the ShutdownHookManager class uses an executor to run hooks to have a "timeout" notion around them. It does this using a single threaded executor. It can leads to deadlock leaving a never-shutting-down JVM with this execution flow:
- JVM need to exit (only daemon threads remaining or someone called System.exit)
- ShutdowHookManager kicks in
- SHMngr executor start running some hooks
- SHMngr executor thread kicks in and, as a side effect, run some code from one of the hook that calls System.exit (as a side effect from an external lib for example)
- the executor thread is waiting for a lock because another thread already entered System.exit and has its internal lock, so the executor never returns.
- SHMngr never returns
- 1st call to System.exit never returns
- JVM stuck
using an executor with a single thread does "fake" timeouts (the task keeps running, you can interrupt it but until it stumble upon some piece of code that is interruptible (like an IO) it will keep running) especially since the executor is a single threaded one. So it has this bug for example :
- caller submit 1st hook (bad one that would need 1 hour of runtime and that cannot be interrupted)
- executor start 1st hook
- caller of the future 1st hook result timeout
- caller submit 2nd hook
- bug : 1 hook still running, 2nd hook triggers a timeout but never got the chance to run anyway, so 1st faulty hook makes it impossible for any other hook to have a chance to run, so running hooks in a single separate thread does not allow to run other hooks in parallel to long ones.
If we really really want to timeout the JVM shutdown, even accepting maybe dirty shutdown, it should rather handle the hooks inside the initial thread (not spawning new one(s) so not triggering the deadlock described on the 1st place) and if a timeout was configured, only spawn a single parallel daemon thread that sleeps the timeout delay, and then use Runtime.halt (which bypass the hook system so should not trigger the deadlock). If the normal System.exit ends before the timeout delay everything is fine. If the System.exit took to much time, the JVM is killed and so the reason why this multithreaded shutdown hook implementation was created is satisfied (avoding having hanging JVMs)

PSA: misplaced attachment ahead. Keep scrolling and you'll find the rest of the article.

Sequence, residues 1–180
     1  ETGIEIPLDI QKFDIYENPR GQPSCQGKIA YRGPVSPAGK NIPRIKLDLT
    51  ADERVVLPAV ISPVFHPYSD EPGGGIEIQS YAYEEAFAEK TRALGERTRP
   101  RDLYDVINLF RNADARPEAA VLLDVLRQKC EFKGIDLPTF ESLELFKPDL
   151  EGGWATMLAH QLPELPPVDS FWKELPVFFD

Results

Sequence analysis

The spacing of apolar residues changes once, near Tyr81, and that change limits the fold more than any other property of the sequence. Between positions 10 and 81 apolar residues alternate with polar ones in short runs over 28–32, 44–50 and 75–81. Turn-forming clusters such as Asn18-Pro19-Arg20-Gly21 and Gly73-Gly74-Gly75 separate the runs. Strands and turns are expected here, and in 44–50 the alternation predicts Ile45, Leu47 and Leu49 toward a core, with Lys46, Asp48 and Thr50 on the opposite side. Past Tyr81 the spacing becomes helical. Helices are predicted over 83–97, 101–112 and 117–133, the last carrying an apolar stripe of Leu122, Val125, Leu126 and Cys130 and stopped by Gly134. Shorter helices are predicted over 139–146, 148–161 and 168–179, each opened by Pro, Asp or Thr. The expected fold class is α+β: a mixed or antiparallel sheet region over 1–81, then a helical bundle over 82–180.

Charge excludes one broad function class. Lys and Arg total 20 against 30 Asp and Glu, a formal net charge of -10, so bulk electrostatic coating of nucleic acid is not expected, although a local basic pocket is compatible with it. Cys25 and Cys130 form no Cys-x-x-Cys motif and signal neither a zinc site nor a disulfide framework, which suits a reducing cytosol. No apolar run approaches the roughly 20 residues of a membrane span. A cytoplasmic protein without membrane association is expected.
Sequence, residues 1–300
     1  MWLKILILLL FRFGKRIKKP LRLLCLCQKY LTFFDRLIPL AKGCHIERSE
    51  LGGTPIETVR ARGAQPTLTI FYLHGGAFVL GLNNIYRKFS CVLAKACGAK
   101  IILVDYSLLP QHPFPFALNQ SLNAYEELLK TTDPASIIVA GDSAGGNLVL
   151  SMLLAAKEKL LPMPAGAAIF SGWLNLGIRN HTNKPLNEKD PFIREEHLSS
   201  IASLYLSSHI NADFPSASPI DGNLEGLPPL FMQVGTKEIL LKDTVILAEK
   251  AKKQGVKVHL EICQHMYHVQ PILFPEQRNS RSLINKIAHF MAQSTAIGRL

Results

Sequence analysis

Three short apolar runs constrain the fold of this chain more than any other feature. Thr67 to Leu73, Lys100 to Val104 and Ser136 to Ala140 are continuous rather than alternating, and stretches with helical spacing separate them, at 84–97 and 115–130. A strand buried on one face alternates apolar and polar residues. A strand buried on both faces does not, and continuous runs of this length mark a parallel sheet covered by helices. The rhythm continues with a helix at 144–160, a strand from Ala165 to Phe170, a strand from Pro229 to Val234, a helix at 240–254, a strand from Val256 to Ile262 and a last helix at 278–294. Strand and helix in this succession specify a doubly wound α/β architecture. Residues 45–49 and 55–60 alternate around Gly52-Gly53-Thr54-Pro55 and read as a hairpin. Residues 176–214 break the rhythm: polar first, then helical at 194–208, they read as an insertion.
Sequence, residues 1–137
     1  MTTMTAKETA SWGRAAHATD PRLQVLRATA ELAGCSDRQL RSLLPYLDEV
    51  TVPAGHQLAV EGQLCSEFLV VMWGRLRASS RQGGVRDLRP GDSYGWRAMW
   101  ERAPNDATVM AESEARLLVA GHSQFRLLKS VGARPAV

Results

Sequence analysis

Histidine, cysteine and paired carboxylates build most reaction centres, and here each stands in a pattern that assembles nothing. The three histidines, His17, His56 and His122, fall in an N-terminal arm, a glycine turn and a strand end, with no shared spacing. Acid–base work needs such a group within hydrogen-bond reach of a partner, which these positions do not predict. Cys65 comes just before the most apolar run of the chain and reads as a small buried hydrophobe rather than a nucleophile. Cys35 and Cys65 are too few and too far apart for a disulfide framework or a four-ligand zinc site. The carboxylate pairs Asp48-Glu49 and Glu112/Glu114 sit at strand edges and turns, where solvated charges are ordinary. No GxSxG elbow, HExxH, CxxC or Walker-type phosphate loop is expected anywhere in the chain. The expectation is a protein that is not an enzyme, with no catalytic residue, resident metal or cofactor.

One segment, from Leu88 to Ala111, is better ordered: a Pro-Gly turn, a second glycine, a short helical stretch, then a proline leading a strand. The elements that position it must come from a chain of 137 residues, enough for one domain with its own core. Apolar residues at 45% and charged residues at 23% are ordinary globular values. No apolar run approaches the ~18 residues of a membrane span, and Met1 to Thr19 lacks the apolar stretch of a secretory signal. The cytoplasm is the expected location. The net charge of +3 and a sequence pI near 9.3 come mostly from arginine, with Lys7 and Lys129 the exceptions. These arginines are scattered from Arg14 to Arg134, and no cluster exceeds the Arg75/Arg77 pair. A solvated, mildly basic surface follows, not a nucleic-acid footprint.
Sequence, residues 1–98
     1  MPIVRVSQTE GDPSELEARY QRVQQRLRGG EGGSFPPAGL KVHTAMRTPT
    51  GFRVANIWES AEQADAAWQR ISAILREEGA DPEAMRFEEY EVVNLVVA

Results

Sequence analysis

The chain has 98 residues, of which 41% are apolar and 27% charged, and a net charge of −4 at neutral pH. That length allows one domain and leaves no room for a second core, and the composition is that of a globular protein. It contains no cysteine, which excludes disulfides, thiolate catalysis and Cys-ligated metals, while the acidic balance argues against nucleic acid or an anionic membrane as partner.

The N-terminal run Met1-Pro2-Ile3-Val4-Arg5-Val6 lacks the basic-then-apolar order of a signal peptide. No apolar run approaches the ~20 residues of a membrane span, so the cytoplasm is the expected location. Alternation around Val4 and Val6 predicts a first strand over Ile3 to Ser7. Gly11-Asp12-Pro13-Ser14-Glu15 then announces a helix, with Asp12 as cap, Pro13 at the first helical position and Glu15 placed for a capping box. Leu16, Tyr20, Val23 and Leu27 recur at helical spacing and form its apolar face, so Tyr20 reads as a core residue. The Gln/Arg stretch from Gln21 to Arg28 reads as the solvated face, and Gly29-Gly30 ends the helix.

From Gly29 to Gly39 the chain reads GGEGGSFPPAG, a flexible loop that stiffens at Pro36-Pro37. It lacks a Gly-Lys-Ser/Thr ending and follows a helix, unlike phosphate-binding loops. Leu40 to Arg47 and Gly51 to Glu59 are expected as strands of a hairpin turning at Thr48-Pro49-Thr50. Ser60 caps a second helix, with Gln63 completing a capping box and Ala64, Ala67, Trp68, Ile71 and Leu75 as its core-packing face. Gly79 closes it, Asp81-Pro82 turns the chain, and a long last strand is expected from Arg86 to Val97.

Had the bug with both oracle and open jdk builds, all in 1.8 major version. hadoop 2.6 and 2.7 did not have the issue because they do not run hooks in another thread
Another solution is of course to configure the timeout AND to have as many threads as needed to run the hooks so to have at least some gain to offset the pain of the dealock scenario
EDIT: added some logs and reproduced the problem. in fact it is located after triggering all the hook entries and before shutting down the executor. Current code, after running the hooks, creates a new Configuration object and reads the configured timeout from it, applies this timeout to shutdown the executor. I sometimes run with a classloader doing remote classloading, Configuration loads its content using this classloader, so when shutting down the JVM and some network error occurs the classloader fails to load the ressources needed by Configuration. So the code crash before shutting down the executor and ends up inside the thread's default uncaught throwable handler, which was calling System.exit, so got stuck, so shutting down the executor never returned, so does the JVM.
So, forget about the halt stuff (even if it is a last ressort very robust safety net). Still I'll do a small adjustement to the final executor shutdown code to be slightly more robust to even the strangest exceptions/errors it encounters.